Ketosis

As I mentioned a few posts ago, some words are met with a great deal of confusion. An example of this, and the topic of today’s post, is the word “ketosis”.

When I use the word ketosis, most people immediately think of “ketoacidosis”.

Ketoacidosis is a condition that occurs in Type 1 diabetics or alcoholics. Simply put, the body becomes dependent upon sugar and loses the ability to use fats or proteins for energy. The energy substrates produced from fat, known as ketones, accumulate in the blood, increasing acidity, and causing a host of health issues, potentially leading to death.

However, ketoacidosis is quite different from ketosis.

Ketosis is the human body’s natural energy state. When an infant is born, it is born in ketosis. When we wake up, we are in ketosis. Whenever we go more than a few hours without sugar, we start producing ketones.

Ketosis is simply the body using fat, instead of sugar, for energy.

Even with regular carbohydrate intake, most of us should be able to go in and out of ketosis frequently. This is because the body’s production of ketones varies based upon activity level and energy sources available.

After a week or two of no sugar, the body will start producing and running exclusively off of ketones (as long as too much protein is not consumed). With regular sugar consumption, the body will have a much more immediate energy source and therefore will not produce as many ketone bodies.

However, the body can still achieve ketosis with a moderate intake of carbs if an individual is eating fewer calories than they need to maintain their weight. In this situation, the body will first use the sugar consumed but, since not enough calories are being consumed, the body will start breaking down its own fat stores for energy.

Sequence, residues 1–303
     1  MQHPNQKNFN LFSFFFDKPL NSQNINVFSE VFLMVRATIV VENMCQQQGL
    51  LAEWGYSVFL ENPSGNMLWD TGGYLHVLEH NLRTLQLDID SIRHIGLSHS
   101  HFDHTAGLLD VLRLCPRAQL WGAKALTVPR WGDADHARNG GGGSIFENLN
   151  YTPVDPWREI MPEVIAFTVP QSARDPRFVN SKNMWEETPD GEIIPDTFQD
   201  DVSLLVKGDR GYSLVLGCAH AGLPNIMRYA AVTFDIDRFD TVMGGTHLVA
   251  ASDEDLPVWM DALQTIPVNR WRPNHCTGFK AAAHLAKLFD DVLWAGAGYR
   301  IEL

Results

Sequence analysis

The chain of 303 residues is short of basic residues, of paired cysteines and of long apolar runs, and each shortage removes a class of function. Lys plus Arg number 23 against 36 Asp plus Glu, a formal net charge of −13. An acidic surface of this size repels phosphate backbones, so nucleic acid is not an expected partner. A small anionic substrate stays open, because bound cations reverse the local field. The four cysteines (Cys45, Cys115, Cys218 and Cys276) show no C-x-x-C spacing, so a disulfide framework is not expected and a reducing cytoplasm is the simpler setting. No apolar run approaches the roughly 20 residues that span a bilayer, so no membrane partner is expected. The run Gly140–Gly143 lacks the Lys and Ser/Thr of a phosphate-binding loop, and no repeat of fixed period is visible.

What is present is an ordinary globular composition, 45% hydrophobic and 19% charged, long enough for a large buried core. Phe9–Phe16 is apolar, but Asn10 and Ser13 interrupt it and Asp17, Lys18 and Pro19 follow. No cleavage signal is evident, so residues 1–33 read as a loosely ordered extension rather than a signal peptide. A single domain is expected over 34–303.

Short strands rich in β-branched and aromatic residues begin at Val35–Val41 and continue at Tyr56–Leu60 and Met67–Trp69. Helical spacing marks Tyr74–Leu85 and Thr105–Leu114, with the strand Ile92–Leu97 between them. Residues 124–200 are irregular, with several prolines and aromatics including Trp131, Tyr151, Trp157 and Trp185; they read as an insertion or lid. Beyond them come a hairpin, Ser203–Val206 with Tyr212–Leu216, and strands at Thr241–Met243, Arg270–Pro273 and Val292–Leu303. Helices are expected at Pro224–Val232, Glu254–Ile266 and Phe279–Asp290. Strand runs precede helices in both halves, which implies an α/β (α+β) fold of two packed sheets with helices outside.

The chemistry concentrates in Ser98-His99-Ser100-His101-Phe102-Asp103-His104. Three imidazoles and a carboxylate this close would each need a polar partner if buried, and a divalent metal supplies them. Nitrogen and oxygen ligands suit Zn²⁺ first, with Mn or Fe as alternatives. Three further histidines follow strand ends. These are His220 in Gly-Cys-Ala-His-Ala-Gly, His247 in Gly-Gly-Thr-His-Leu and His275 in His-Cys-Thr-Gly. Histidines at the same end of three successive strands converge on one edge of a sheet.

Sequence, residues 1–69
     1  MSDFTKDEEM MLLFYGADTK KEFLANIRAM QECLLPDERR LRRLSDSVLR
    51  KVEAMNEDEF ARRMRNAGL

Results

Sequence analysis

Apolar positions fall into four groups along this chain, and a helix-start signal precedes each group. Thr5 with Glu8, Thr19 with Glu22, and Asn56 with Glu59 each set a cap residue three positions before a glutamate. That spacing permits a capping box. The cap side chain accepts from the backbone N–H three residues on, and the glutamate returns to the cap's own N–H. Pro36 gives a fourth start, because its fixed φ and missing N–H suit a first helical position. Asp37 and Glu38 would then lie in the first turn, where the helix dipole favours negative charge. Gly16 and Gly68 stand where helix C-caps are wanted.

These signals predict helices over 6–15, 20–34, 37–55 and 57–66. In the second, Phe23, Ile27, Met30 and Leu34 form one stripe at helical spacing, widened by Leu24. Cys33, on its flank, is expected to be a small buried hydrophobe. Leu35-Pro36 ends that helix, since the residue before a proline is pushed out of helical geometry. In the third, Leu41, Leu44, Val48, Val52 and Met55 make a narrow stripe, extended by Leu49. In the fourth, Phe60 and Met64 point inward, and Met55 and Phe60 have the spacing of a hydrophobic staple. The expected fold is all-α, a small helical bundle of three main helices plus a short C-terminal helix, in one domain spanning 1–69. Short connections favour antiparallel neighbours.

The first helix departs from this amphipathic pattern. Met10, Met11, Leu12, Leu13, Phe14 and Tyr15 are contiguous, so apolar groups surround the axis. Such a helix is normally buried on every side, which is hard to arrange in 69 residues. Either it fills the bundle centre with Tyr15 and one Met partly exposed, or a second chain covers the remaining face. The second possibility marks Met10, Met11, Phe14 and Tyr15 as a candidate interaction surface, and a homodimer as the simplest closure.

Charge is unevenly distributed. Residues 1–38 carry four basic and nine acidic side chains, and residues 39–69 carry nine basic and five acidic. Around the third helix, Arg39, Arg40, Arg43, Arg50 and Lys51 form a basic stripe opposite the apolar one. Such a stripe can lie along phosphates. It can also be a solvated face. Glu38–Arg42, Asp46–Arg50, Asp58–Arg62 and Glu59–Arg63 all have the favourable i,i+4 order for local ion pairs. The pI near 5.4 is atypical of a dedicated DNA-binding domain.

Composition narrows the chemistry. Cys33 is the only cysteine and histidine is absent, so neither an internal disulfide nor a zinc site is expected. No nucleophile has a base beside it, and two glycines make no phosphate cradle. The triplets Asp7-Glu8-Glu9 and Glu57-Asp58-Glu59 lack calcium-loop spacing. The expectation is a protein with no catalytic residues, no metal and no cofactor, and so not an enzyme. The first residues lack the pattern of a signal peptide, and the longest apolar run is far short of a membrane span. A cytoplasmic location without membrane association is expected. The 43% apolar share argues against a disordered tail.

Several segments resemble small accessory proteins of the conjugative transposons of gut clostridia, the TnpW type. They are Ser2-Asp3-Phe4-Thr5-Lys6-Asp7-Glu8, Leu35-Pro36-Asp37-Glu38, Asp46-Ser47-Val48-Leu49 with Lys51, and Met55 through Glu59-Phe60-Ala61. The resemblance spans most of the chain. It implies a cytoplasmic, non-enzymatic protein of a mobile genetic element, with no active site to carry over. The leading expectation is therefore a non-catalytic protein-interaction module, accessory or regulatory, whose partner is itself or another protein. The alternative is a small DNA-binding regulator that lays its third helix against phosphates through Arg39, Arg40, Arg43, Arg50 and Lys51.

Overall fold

So, why am I talking about ketosis to begin with?

Well, as I mentioned, it is how the body uses its own fat stores for energy. However, with supermarkets, convenience stores, and fast-food restaurants every few blocks, very few of us ever go long enough without sugar to become as “fat-adapted” as humans were meant to be.

To ensure my body is able to use every fuel efficiently, I spend about 2 months of early spring in ketosis. This means I don’t consume any carbs beyond fibrous vegetables. Also, I don’t over consume protein in an attempt to gain muscle mass, as extra protein will be converted to glucose via gluconeogenesis.

Not only does this help my body run efficiently regardless of my access to sugar, but it is also a very easy way to lean out. In just the first week of lower carb consumption, most people will lose 5 to 10 pounds from depleting their glycogen stores and not holding as much water weight.

Also, it is the constant fluctuation of insulin levels, and leptin signaling, from a short-term energy source such as carbohydrates, that dictates our hunger levels. So, when we are consuming healthy fats, fibrous veggies, and protein, our bodies don’t experience frequent drops in blood sugar and ravenous hunger or cravings for more sugar.

Finally, I find my time spent in ketosis helps improve my mood and energy levels. Usually my mind is racing and I am prone to seeing the negative side of things. However, when I am not regularly running off sugar, my thoughts are a lot more organized and focused while my energy is far more stable. This is because ketones are the most therapeutic fuel for the brain.

Ketosis, or limiting sugar intake, is becoming more commonly understood as doctors learn it is an effective way to prevent seizures in epileptics, reverse certain forms of cancer, or treat other conditions.